[private] Recently several newspaper headlines caught my attention: “United Nations marks seven billionth baby” was one; another read “Connection seven billion dots.” Yet another put it this way, “The world hit 7 billion people today.” That’s right folks. They basically all said the same thing: the world’s population meter rolled over to seven billion. The next time someone tells you “you’re one in a million,” they’re just a bit off. You’re actually one in seven billion.
According to the United Nations, the human population crossed this milestone on October 31, 2011-the day chosen was arbitrary using data imprecise with so many people being born and dying all the time. Still it is safe to say that, give or take a few million, there are now seven billion of us elbowing each other on Earth. United Nations Secretary General Ban Ki-Moon said the day was “not about one newborn or even one generation, but about our entire human family.”
At a news conference in New York Ki-Moon noted, “A world of contradictions–famine in the Horn of Africa, fighting in Syria and elsewhere, widespread protests against economic inequality. Seven billion population is a challenge,” he said, and “at the same time, an opportunity, depending upon how the international community prepares for that challenge.” I think he got that right. Demographers say it took until 1804 for the world to reach its first billion people, and more than a hundred years later until it hit 2 billion in 1927. That’s actually 123 years later.
After that the numbers began to cascade: three billion in 1959 (32 years later), four billion in 1974 (15 years later), five billion in 1987 (13 years later) and six billion in 1998 (just 12 years later). Now, this is where I think it gets a bit tricky. The United Nations estimates the world population will reach eight billion by 2025 and 10 billion by 2083.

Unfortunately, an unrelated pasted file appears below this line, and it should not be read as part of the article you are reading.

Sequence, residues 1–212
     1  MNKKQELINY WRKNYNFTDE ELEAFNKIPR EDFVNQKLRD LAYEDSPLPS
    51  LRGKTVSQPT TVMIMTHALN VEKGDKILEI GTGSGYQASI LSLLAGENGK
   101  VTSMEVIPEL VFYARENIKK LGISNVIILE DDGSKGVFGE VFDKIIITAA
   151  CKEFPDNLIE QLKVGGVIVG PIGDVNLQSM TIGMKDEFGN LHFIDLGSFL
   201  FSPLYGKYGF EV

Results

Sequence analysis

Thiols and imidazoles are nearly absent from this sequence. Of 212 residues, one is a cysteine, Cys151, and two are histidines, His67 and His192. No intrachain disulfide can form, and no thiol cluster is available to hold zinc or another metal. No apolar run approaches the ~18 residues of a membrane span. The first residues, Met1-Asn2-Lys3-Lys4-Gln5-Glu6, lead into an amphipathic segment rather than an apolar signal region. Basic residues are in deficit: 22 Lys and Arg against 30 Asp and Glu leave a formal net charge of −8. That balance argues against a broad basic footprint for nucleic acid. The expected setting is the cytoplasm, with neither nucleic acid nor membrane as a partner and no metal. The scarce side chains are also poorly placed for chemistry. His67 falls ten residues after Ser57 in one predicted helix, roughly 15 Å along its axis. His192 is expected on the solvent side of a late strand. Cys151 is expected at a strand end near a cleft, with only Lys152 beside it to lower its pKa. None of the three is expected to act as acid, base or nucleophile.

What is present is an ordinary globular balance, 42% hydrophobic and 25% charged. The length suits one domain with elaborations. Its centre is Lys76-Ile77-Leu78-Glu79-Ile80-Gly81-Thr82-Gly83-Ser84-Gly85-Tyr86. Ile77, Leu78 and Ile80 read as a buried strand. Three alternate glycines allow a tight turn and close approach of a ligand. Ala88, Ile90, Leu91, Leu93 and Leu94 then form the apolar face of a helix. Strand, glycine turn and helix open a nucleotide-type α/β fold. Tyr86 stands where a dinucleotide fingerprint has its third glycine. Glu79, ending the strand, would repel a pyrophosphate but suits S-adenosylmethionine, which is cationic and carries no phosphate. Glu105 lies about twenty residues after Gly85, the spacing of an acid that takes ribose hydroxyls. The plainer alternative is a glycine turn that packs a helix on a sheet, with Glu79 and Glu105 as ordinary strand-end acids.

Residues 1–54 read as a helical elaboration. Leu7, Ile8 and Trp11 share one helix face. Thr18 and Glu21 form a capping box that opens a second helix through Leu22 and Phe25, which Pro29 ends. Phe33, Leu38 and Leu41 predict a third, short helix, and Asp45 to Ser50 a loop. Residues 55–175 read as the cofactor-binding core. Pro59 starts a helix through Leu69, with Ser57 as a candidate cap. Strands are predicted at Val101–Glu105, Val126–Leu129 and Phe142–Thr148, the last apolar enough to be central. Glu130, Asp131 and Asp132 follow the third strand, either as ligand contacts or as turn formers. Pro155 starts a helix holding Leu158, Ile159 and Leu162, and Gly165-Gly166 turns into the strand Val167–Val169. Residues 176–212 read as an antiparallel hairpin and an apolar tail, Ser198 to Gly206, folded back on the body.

I believe these numbers could vary widely depending on life expectancy, access to birth control, infant mortality rates and other factors. Interestingly, as you have probably noticed, the projected numbers indicate a slowdown in the rate of population increase. This is precisely where I have my doubts.
Previously, each new billion came quicker and quicker, not surprising since there were more people around to make more people, as well as various improvements enhancing life expectancy. Numerous factors contribute to these figures and projections, but the population seems to grow as if it has a life of its own, and our systems struggle to keep up. Frankly, these projections seem overly optimistic in my view.
The bottom line is that the planet’s resources are finite. However gently and smartly we use it, there is only so much room, and only so many resources. As we are finding out here in the Bay Islands, a gallon bottle can only hold a gallon and no more. With this latest population uptick, it’s worth taking a moment to ponder where we are.
On one hand, humans are thriving, building, discovering and communicating on a massive scale. But seven billion is a voracious number to feed, clothe, educate, and protect. In short, there’s bad news and good. As we all know, many people throughout the world suffer, sorely lacking in even the basics. Still human ingenuity and energy are powerful, adaptable forces that can never be discounted. There are seven billion of us straining Mother Earth, but also striving.
We are all here because for thousands of years the human race has had a vast record of success. We can only hope and pray that this success continues. I, for one, am betting that it will. [/private]